Two Trends on Chinese Consumers

A recent McKinsey report “How half the world shops: Apparel in Brazil, China, and India” reveals some interesting patterns of consumer spending in these countries. Two things stand out for me on the Chinese consumers. I thought I would comment briefly here as the Chinese consumers are related to my upcoming book on the Chinese middle class:

First, the Chinese mass market consumers (defined as annual household income from $3,000 to $12,000) have relatively small, undifferentiated wardrobes – 40 percent of the Chinese women reportedly wear similar clothing at work, formal social occasions, and dates with friends or family.

This photo was taken at Vienna Cafe in Shanghai. The picture on the wall is Chairman Mao and his famous motto “Serve the People.”

I did notice, even in Shanghai, people are less sensitive as to what to wear for different occasions. For example, I met a girl friend, who was wearing a beautiful dress, for coffee on a Saturday afternoon. She used to be a marketing professional in a multinational and is now running her own PR firm. But the next day when I met her again in a totally different situation, I was surprised to see that she was still wearing the exact same dress as she wore the day before. However, as China continues opening up to the world, I would expect people will become more sophisticated in this area.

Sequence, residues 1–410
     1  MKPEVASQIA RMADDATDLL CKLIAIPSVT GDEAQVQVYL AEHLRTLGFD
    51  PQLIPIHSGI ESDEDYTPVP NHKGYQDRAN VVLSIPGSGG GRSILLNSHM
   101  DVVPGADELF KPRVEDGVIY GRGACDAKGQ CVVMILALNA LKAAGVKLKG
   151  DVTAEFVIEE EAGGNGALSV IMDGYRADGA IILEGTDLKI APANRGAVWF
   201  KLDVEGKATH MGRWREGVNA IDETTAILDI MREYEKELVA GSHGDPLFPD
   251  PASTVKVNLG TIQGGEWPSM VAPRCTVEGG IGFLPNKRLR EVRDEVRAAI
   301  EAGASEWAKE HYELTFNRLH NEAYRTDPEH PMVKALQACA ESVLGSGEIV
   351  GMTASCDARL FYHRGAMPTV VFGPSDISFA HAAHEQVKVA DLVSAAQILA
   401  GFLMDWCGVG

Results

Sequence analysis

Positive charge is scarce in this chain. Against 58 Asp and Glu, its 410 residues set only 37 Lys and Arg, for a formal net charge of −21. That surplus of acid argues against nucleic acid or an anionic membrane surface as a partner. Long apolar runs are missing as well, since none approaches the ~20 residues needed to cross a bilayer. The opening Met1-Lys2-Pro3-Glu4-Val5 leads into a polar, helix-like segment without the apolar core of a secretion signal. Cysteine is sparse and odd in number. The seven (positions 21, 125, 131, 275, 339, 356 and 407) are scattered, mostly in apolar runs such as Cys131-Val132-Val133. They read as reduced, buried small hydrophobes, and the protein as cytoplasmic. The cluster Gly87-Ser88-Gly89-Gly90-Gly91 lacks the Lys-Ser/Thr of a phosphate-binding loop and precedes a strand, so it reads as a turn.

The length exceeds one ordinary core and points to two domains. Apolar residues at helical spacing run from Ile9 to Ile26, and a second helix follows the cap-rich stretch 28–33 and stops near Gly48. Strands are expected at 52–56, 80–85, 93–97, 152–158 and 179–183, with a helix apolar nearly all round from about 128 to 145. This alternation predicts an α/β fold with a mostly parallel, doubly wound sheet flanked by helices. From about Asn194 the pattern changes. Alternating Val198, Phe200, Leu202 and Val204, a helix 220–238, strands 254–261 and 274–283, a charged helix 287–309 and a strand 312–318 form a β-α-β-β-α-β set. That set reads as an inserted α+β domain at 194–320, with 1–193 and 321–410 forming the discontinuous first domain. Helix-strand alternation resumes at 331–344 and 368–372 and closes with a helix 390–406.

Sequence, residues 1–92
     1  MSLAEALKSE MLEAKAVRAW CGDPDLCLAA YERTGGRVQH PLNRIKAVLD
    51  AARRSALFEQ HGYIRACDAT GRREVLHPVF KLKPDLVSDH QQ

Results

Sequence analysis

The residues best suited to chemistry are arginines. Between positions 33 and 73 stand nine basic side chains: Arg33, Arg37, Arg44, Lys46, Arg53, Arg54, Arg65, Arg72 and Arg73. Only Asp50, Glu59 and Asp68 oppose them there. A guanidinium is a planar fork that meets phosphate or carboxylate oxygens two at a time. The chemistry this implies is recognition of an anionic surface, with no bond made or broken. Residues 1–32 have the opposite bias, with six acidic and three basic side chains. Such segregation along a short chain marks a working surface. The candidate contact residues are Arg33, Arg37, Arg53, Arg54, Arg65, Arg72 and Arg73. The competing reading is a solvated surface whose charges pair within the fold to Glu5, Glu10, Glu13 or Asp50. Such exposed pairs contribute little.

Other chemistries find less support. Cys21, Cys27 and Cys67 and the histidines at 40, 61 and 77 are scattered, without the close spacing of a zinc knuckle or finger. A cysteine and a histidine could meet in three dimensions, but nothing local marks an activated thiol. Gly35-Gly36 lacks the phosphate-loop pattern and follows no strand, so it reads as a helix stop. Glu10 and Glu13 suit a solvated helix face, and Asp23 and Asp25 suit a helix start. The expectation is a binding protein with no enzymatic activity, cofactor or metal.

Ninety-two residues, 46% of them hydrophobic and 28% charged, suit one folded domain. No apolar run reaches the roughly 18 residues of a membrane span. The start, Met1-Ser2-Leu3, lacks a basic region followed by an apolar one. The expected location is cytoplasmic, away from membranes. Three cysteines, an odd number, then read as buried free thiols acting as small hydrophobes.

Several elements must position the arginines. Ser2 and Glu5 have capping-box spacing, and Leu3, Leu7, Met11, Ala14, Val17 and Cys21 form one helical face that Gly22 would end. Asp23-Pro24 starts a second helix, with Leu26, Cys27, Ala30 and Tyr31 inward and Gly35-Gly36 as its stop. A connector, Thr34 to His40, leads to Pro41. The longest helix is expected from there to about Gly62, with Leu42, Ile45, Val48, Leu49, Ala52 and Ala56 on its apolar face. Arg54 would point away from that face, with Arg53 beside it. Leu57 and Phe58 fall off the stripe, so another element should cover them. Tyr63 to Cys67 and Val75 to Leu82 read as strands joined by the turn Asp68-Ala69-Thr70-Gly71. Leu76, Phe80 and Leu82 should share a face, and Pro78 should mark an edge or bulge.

Another thing is that China’s urban youth (18 to 25 years old) is dramatically different from other consumer segments (see my previous post on China’s cyber-savvy and pragmatic youth). They favor international brands and are much more open to try on foreign products compared with the youth in other countries. This segment currently comprises about 15 million people.

This photo was taken in the Plaza 66 – the luxury mall in Shanghai

When I visited the Plaza 66 – the luxury mall in Shanghai, I was perplexed to see that most consumers in the mall were young people in their early twenties. I really wondered how on earth they could afford to buy Fendis and Luis Vuittons and where they got the money. My friend Shaun Rein, who studies the youth culture in China, explained: “It was the secretaries who are making 3,000 yuan a month who buy these luxury goods.” Well, if so, it’s hard to imagine this kind of consumption will sustain.